1. Global temperatures are rising.

  2. Ocean temperatures are rising and oceans are becoming more acidic.

  3. Ice Sheets are shrinking, e.g., sea ice in the Arctic Ocean around the North Pole is melting faster.

  4. Glaciers are diminishing.

  5. Snow fall and snow pack are diminishing.

  6. Sea Level is rising.

  7. Extreme events are increasing, including flooding, hurricanes, fires, droughts.

  8. Species diversity and species habitats are declining.

  9. Permafrost is melting.

Human activities such as those below are responsible for most of these changes.

1. Deforestation - large hardwood trees are used for construction, furniture and paper goods. We are cutting our forests faster than we can rebuild them. Destroying trees results in increases to greenhouse gases and erosion, among other things.

2. Contamination of our streams, creeks, rivers, ponds, lakes, and oceans- polluted runoff from land masses is entering our water bodies. This includes disposable materials, many of which are toxic or hazardous. Plastics and microplastics are in our water and our bodies. Erosion and species displacement from construction has reduced public and open space and has contributed to contamination of our natural water sources.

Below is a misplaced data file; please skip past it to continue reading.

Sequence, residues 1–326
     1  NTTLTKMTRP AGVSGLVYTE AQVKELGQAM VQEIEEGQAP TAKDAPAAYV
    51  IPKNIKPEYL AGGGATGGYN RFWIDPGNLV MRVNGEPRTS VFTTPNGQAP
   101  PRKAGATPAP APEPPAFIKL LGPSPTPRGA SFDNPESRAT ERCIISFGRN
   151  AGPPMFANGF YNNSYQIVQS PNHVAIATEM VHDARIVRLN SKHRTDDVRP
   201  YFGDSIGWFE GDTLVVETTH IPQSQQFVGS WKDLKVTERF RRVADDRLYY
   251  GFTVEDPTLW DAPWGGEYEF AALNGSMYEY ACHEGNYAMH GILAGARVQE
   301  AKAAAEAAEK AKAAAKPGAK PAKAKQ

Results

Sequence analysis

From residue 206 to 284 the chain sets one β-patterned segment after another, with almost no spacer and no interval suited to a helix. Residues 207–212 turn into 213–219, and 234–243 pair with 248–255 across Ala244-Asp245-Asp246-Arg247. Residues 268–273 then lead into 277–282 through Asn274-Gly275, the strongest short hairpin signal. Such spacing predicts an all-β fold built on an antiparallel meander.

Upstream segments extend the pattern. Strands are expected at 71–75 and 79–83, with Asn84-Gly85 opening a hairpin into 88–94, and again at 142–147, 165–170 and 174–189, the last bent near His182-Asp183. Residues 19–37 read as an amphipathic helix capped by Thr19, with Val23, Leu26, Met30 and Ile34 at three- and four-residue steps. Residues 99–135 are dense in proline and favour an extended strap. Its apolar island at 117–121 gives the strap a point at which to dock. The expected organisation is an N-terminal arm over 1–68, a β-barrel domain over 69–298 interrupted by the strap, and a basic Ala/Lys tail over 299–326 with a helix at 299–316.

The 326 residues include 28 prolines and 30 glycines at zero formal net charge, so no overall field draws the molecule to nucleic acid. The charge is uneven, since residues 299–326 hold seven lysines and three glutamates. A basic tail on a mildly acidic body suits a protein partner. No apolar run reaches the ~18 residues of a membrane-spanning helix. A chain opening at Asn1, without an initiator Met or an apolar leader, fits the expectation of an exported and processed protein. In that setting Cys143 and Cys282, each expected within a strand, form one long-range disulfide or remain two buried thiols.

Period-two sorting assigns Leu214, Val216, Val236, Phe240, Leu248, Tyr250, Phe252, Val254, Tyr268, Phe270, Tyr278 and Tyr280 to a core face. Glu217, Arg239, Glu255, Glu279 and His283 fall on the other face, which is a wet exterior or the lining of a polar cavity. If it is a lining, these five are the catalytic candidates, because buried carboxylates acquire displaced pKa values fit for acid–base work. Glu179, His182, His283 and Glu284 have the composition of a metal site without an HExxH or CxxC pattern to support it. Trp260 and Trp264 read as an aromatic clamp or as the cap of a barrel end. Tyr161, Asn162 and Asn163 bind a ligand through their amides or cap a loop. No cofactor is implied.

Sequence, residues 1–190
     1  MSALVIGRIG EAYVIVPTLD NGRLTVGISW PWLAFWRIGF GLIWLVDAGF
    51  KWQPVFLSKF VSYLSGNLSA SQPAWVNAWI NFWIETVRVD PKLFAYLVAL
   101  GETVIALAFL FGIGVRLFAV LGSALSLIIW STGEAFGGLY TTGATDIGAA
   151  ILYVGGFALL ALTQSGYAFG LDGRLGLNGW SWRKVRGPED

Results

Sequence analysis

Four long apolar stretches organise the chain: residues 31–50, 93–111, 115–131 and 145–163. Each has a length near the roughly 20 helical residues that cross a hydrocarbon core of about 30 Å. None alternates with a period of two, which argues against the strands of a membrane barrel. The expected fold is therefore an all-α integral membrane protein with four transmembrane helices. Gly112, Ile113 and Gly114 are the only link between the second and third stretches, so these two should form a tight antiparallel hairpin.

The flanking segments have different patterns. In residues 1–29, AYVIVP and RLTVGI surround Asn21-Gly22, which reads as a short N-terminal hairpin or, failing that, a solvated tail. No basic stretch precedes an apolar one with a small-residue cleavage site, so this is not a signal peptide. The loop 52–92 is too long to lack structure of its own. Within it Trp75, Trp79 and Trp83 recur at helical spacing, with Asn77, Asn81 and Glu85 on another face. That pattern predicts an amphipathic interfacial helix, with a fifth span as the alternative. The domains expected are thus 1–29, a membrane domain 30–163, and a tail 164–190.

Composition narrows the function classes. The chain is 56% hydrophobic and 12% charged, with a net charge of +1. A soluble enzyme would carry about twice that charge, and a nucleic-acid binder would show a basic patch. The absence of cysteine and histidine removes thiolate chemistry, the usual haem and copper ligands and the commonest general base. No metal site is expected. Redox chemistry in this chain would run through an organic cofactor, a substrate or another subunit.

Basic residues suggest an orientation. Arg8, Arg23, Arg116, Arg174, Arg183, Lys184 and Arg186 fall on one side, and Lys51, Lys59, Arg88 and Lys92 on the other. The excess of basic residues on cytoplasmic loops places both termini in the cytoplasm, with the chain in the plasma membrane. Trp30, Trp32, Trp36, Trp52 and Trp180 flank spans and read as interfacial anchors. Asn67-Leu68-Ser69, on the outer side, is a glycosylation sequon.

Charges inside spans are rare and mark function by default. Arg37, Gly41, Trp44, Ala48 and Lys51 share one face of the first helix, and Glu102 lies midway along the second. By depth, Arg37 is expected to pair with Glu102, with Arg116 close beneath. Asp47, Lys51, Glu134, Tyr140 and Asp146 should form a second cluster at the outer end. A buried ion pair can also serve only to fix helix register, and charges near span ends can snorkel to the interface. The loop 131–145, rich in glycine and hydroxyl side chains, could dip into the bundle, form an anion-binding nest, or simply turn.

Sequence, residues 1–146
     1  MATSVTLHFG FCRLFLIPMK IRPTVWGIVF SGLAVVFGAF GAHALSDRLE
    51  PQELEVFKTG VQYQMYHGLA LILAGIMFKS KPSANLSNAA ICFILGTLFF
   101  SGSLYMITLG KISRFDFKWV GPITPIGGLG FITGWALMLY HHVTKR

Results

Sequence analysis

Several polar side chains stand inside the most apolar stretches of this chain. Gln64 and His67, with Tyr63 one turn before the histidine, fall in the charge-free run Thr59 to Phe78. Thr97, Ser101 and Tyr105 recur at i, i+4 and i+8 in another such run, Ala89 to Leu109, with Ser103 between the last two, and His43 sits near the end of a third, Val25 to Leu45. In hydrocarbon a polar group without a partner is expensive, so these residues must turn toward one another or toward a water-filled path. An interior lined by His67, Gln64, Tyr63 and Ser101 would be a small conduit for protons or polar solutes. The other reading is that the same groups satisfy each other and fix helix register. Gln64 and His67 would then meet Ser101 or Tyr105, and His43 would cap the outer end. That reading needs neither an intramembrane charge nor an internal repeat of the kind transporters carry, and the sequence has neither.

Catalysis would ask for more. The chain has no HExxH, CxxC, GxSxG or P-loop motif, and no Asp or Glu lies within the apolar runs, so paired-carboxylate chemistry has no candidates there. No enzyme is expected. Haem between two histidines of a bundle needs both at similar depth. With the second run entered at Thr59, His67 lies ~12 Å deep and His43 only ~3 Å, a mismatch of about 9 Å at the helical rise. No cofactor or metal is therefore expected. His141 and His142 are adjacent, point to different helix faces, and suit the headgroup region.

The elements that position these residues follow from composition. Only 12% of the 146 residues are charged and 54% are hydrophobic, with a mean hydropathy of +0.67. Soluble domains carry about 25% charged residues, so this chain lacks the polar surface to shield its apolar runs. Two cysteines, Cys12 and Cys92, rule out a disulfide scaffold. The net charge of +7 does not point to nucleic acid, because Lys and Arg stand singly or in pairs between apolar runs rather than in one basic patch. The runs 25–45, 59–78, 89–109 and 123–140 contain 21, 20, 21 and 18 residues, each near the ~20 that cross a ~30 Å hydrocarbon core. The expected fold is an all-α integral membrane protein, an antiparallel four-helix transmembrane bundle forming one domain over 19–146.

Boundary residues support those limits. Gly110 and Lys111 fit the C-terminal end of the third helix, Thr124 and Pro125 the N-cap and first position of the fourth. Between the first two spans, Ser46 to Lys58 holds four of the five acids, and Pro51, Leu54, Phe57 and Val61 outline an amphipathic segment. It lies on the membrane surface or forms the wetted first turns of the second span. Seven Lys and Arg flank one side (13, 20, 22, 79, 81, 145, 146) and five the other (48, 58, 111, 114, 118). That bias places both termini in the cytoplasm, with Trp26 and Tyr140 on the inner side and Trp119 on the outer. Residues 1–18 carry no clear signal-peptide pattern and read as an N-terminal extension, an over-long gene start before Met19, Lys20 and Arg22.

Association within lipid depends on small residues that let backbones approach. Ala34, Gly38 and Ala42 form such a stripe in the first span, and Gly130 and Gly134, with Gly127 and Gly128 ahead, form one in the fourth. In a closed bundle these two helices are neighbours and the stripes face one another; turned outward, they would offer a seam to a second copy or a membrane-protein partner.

3. Landscaping - use of pesticides and insecticides and too much lawn, which provides no habitat for life.

4. Chemical, industrial, and hazardous waste and dumping.

6. Energy Usage - fossil fuels

7. Agricultural Practices and transport, are, ironically, contributing substantially to climate change and are also being affected by climate change.

Think about ways you can work with nature instead of against it. Enjoy the beauty and wonder of our parks, beaches, and landscapes without polluting or harming them. While taking a walk collect trash you see on the roads or trails and dispose of it properly. Rethink your own yard space, no matter how big or small, reducing the amount of lawn. Look into native pollinator plants for your garden. Experiment with composting, even on a small scale. Buy only seasonal local food. Participate in the circular economy. On your walks observe any foliage and trees. Trees are so important to our well-being. ( )

Some of you reading this may resist believing in climate change. The only argument I have heard is that this is just another cyclical event the earth has experienced in it's existance. Unfortunately this is not the case. We have scientific measurements that prove otherwise. If you don't agree with these arguments, I am interested in hearing your reasons. Keep in mind also that there were catastophic but natural climate events that killed life on earth (those amazing dinosaurs).

Fun facts:

Not so fun facts:

  • 2.5 acres of deforestation produces approximately 500 tons of Carbon Dioxide equivalent which equals driving a car 700,000 miles.

  • North Americans produce about 28 tons of Carbon Dioxide equivalents per yer. It is estimated this needs to be reduced to 10 tons per year. The average global production is 7 tons a year.

For more information about Carbon Dioxide Equivalency and the carbon footprint of everything, see Mike Berners-Lee, How Bad Are Bananas? The Carbon Footprint of Everything, Greystone Books, 2011.